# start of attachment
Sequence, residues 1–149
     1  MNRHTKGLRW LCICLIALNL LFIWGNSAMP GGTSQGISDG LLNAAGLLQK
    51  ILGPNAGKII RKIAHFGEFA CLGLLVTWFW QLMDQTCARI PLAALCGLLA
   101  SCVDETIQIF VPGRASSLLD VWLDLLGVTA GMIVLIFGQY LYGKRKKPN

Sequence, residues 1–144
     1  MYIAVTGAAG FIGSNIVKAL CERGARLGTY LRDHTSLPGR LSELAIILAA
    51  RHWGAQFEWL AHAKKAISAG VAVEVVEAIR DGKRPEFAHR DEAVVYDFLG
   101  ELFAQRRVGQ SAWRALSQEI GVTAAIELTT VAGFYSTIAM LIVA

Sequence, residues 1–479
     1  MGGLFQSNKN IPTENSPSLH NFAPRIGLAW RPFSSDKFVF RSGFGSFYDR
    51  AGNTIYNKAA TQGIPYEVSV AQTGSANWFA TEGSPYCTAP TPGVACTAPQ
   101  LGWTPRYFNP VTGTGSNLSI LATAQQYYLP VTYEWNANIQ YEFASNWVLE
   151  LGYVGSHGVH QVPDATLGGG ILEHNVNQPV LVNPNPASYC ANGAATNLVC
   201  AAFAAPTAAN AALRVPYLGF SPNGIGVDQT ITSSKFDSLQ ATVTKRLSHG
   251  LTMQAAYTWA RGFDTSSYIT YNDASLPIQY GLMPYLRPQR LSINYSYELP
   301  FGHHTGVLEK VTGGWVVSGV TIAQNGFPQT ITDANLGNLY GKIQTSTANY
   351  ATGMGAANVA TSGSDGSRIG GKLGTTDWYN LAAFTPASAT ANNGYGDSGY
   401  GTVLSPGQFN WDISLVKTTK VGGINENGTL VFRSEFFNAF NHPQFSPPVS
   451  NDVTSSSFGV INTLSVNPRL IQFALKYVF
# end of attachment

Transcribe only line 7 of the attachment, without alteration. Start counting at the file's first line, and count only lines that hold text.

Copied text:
    51  RHWGAQFEWL AHAKKAISAG VAVEVVEAIR DGKRPEFAHR DEAVVYDFLG